"Am I really a very wicked woman?" thought Gwyneth, with a slight shiver. And the dark blue eyes which looked
back at her from the mirror only asked the question again without answering it.
Chi the day of the wedding, weeks of fine weather broke in a violent thunderstorm.
While her mother and aunt spoke bitterly of the nuisance, and her father of his belief that it would clear up at any moment, Gwyneth thought: "How strange, there's always a storm on the important days of my life. If I were superstitious I should think it was unlucky."
But she was not superstitious, and she refused to think it was unlucky. She was marrying Van today and nothing else—or practically nothing else—mattered.
She was singularly unvain about her appearance in the ordinary way, but she knew she looked utterly beautiful in her wedding dress. Excitement had made her eyes very bright and her lips a deep, soft red. The faint, pinky glow of her dress seemed to repeat itself in the faint pink glow in her cheeks, and through the soft cloud of her veil gleamed her bright gold-brown hair.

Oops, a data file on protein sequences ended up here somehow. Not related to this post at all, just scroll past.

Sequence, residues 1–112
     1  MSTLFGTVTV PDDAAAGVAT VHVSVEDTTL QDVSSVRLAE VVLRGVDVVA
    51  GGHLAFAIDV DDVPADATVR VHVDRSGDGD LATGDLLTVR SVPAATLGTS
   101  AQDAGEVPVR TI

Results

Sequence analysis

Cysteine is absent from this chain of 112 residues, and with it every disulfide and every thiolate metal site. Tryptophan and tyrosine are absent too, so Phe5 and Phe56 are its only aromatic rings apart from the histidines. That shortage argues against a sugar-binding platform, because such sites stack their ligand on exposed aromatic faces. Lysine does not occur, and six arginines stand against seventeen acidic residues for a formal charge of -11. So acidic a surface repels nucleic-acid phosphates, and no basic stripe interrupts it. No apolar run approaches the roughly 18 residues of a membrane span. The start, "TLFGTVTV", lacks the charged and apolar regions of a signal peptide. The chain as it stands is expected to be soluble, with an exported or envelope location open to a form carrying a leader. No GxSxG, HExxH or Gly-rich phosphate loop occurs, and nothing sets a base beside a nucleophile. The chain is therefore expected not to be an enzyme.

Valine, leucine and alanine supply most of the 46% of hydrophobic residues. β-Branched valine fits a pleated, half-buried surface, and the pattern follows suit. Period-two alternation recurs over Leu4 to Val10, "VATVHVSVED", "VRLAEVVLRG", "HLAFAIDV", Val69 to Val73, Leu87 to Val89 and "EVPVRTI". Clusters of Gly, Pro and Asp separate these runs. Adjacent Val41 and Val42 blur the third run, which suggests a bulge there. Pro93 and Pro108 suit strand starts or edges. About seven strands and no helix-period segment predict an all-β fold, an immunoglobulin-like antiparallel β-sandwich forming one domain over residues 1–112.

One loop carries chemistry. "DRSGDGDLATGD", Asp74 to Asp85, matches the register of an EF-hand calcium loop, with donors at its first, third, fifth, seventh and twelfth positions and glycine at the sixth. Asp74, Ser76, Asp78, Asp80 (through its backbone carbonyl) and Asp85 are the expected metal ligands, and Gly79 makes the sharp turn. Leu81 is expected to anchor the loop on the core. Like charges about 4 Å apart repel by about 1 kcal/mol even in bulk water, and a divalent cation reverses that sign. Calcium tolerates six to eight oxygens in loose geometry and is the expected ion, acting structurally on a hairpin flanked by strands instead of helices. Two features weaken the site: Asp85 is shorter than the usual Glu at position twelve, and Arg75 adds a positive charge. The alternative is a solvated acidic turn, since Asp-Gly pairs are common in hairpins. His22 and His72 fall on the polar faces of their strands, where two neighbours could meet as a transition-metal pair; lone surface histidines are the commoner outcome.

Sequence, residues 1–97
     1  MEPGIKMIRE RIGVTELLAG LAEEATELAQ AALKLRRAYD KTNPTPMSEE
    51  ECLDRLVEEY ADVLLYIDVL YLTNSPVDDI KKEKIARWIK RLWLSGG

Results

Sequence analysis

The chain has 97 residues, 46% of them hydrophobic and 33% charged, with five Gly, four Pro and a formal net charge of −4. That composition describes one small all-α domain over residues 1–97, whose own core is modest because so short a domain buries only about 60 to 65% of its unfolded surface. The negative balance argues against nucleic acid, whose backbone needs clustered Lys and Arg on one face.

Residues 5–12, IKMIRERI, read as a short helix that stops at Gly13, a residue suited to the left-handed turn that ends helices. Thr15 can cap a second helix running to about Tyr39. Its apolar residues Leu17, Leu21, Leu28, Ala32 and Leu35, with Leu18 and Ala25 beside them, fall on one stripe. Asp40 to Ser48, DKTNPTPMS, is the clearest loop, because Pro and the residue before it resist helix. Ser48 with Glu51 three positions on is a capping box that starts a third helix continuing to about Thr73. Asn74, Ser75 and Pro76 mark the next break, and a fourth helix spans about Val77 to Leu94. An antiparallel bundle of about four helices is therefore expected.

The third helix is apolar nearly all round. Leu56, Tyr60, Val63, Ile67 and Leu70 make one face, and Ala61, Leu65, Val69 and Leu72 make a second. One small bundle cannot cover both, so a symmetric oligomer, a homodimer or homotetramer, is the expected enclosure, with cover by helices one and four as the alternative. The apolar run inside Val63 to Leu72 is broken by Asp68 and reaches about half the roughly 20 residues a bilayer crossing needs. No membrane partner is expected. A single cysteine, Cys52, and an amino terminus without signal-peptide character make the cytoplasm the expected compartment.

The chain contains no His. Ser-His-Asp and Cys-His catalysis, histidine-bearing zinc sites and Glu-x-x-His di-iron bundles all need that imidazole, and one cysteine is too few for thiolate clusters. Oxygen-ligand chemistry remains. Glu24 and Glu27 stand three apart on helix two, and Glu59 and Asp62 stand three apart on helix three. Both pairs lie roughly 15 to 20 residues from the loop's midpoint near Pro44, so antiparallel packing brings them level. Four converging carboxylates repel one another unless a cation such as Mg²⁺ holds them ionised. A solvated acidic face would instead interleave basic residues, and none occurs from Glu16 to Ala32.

As she came up the aisle on her father's arm, Van turned to watch her coming. He was completely at ease, cool and unperturbed by the people who stared at him, only waiting for her with a confident little smile of happiness that lightened his dark face indescribably.
Gwyneth had been extremely serious until then, but as her eyes met his, she smiled too. He looked so happy! What she was doing was right. To have killed so much happiness—and for what?—would have been stupid and cruel.
The voices of the choir soared upwards, clearly and sweetly. Distant thunder muttered a strangely effective accompaniment. In sonorous tones the Bishop demanded that anyone who knew just cause why they should not be joined together in holy matrimony should speak, or else (blessed words!) forever hold their peace.
In the deepest chamber of her memory, Gwyneth heard again a faint, childish wailing at those words. Then the fanciful moment passed. Van's ring was on her finger— bright, slender, infinitely dear.
She was his wife.
Afterwards, nearly everyone she had ever known came crowding round her. They wished her well, they compli-
mented her on her appearance, they kissed her and congratulated her. It was all very charming and gay.